Based on what I’m experiencing, the airport systems and agents have the most resources. If you’re at the airport, an in-person conversation will be your best bet.
Consider bailing to a hotel
Generally my approach during system disruptions — particularly weather delays — is to treat it like a zombie apocalypse. You have to keep moving, or it’s not going to end well.
In this case however, there might not be anywhere to move to. If your flight is delayed several hours, and endorsing the ticket to another carrier isn’t a reasonable option, you might want to get out of the airport. A cheap airport hotel can give you a place to work and recharge versus sitting in the terminal.
The airline baggage service office may be able to give you a “distressed traveler voucher” but be prepared to wait in line, and be subject to their agreements/availability.
Times like these are when those free hotel credit card vouchers can really come in handy, as airport hotels tend to be lower categories, and you’re always going to be better off when you can book something on your own.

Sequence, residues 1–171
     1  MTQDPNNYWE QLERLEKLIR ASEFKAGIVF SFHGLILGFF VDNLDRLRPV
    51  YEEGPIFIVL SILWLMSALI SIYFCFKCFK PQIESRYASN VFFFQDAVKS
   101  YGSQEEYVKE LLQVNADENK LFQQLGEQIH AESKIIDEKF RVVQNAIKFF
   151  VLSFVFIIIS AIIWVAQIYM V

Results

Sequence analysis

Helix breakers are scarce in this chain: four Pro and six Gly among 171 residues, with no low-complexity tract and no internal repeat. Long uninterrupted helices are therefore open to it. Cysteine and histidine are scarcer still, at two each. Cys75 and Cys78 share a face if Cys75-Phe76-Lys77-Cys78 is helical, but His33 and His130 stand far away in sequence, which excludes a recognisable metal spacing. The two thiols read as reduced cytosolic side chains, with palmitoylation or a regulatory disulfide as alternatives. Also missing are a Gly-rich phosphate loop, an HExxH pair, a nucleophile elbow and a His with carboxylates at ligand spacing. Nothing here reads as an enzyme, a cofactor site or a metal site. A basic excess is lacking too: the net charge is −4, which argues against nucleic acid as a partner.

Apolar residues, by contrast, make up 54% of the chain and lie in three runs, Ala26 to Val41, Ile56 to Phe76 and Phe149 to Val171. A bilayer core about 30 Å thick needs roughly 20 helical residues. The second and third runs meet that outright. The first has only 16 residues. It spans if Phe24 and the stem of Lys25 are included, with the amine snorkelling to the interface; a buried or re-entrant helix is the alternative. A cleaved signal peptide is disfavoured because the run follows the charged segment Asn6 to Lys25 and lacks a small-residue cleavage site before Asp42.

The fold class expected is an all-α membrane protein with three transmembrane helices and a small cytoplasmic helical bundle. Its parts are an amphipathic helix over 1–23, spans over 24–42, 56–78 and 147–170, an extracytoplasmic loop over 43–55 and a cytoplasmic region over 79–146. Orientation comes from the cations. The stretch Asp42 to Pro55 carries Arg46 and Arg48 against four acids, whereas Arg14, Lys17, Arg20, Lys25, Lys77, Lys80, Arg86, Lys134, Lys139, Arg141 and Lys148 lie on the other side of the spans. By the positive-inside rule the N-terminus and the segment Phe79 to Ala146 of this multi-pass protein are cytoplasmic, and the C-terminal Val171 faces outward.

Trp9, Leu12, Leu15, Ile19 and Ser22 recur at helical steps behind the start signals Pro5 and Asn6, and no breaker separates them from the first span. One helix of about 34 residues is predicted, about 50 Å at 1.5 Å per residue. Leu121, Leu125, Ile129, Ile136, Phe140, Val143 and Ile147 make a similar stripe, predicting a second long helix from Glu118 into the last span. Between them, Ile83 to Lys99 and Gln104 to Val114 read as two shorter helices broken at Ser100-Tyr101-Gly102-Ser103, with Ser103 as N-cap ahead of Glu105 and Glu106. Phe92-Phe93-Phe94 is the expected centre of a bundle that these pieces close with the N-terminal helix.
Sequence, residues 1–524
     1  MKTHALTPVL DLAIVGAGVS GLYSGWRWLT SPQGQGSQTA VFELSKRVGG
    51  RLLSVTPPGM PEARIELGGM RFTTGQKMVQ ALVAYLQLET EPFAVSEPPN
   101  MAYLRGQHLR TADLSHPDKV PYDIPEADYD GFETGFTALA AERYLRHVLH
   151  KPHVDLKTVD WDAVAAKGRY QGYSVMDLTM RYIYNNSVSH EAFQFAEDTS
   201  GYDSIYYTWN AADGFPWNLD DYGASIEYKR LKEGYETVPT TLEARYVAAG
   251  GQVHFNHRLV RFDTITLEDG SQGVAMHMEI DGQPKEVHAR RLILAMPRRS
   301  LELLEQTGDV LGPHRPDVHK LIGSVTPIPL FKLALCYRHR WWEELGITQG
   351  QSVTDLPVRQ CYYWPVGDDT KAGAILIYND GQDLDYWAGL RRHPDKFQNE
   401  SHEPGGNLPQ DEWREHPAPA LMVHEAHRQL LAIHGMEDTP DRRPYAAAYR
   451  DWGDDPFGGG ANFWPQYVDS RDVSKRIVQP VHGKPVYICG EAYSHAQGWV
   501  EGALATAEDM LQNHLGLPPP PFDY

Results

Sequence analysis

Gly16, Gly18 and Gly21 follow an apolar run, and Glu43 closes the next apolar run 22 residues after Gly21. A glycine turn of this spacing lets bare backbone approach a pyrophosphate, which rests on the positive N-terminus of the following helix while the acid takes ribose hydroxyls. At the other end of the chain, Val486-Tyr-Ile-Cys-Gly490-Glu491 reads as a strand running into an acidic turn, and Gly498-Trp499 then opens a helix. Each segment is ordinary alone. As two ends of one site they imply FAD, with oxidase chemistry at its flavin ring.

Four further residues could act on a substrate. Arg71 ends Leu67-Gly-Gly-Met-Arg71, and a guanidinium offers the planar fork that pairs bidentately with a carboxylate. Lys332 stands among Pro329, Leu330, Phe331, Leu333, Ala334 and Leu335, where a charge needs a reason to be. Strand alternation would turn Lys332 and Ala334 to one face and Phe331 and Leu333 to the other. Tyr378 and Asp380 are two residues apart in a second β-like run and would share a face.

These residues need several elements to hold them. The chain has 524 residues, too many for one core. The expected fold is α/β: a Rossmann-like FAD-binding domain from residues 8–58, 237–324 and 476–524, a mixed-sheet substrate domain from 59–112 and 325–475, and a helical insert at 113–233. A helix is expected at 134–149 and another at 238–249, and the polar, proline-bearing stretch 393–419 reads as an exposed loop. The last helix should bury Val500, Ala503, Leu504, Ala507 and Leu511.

Delta is giving out vouchers too
This is unusual, and speaks to how severe the system outage has been today.
Delta will provide $200 in travel vouchers to all customers who experienced a delay of greater than three hours or a cancelled flight as a result of today’s systemwide outage. The vouchers are available for travel on all Delta and Delta Connection-operated flights.
Customers affected by the outage and who have provided their email address will be contacted today and will receive their voucher in seven to 10 business days. Customers who have not been contacted can complete a Customer Care form on www.delta.com/wecare to receive their voucher.
Compensation is generally done on a case-by-case basis, so blanket $200 vouchers are an impressive gesture. That won’t void all the frustration from today, but should take some of the sting out.
As always, be polite, be patient, and be proactive. This is truly an unprecedented situation for Delta, and they’ll be doing everything they can to restore operations after the outage.
If you’re already at the airport, I’d take pretty much any alternative flight they can offer you.
If you haven’t left yet, and can delay your travel by a day or two, that might make for a more pleasant experience.
For those flying Delta today — how’s it going out there?